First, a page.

There seems to be a ‘revolving-door’ justice system involving the rich. They enter through one compartment of the door and out on the other side, remaining in the same compartment as the spindle keeps turning. And the spindle seems to turn faster for the poor and ever so slowly for the rich. Some have opined that they have the ability to pay their way across the corridors of justice — hiring the best lawyers and of course judges. These lawyers are adept at dilatory tactics, ensuring the cases drag on and on and in some cases, the judges play along.  Purchasing justice in Kenya had become so lucrative that a radical Judiciary surgery had to be carried out to save the situation. It was not easy, and even now, it is not easy to point out why cases involving the wealthy seem to be dropped for lack of evidence or if convicted, it will be with much lighter sentences or with fines.



Another agency that has been in the public limelight is Nema, which has spectacularly brought down buildings built on riparian reserves. Again, the rich and the powerful seem to be spared in this latest crackdown. Nema seems to target buildings associated with less powerful individuals. It brought down the iconic Kileleshwa Shell petrol station and part of the building that housed Nairobi Java House. However, the block of apartments right next to it were left untouched. The station, which has been standing there since the colonial days, came down, and for many it was the end of an era. Older Nairobians remember it was the Kileleshwa Esso Station but nobody bothered with it at that time. It was ironical that it got demolished when all the surrounding buildings that came in in later times are standing intact! Nema has promised further demolitions. While we welcome this new drive, there has got to be equity in all.



Another case of rich-poor justice disparity is the Mau Forest evictions. The government-led removal of people living in the complex has only dwelt on the poor. There are many powerful individuals with huge holdings in land within the forest complex but are sitting pretty, knowing nothing will happen to them. The holders of land in Mau are not small men. I need not waste your valuable time mentioning their names but you don’t need to look to far to know which power-men hold land there. They will not be touched.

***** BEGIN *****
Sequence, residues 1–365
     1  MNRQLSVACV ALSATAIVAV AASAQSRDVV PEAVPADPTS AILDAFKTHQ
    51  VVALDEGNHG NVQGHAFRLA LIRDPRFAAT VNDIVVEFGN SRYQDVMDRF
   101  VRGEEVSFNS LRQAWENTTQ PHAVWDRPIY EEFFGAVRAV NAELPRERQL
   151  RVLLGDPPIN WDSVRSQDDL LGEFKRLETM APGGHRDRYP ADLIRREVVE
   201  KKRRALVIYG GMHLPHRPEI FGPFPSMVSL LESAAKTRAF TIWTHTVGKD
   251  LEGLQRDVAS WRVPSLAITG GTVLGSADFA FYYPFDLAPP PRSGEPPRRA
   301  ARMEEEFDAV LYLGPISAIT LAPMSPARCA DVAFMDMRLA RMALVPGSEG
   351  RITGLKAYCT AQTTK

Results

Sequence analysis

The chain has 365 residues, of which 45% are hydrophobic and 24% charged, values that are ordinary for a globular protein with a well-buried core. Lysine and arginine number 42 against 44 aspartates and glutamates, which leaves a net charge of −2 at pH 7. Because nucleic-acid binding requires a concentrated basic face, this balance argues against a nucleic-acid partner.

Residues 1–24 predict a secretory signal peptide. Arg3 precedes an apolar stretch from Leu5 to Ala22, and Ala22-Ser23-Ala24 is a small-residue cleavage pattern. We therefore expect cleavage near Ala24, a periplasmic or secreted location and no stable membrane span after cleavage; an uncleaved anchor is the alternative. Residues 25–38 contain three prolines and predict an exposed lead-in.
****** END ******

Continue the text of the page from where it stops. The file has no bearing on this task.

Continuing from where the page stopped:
If we are to build an equitable society, they too must have their day in court. In fact, the EACC would not be able to comfortably account for its existence in the last few years having not dragged the big fish to court. We do not have a shortage of laws; in fact we have more than we need.   The Constitution has not been properly applied in fighting corruption.  The Anti-Corruption and Economic Crimes Act (2003), which is the flagship anti-corruption legislation, has yet to give us the results for which it was formulated. There are other relevant laws such as the Public Officer Ethics Act (2003), which regulates, among others, performance of duties, gifts to public officers, conflict of interest among others.

We also have the Public Procurement and Disposal Act (2005), which regulates among others the procurement of materials, works and services and tendering procedures, among others. We also have the Public Service Code of Conduct and Ethics, which regulates such things as collections and harambees, care of public property, political neutrality among public servants, nepotism and favouritism, employment etc. Then the Government Financial Management Act (2004) that regulates public finances and government spending. All of these and others, are designed to fight corruption. But we are still ranked some of the most corrupt nations in the world.



In the end, we may bring down the buildings, evict those living in riparian or forest reserves and we may also drag the high and mighty to court, but the net result is that the rich still get away with it and the poor will take the guillotine.

 Getting rich is difficult in a country such as ours, and when one gets there (usually to them the means justifies the end), they want to remain there as long as possible. As I have stated before, corruption is a distortion of the already imperfect mobility of money (movement from those who have to those who don’t) and this makes it sense to use some of it to remain where one is. In the process, it creates wealth (for few individuals) and the resultant comforts enjoyed by the money are hard to part with. And something ‘small’ like the law does not always stand in the way of the moneyed. This is by no means unique to us in Kenya. In America, African-Americans hold the unshakable belief that they are unfairly victimised by the justice system. While their arguments are on racial lines, the underlying issue is money. There is justice for the poor and another for the rich.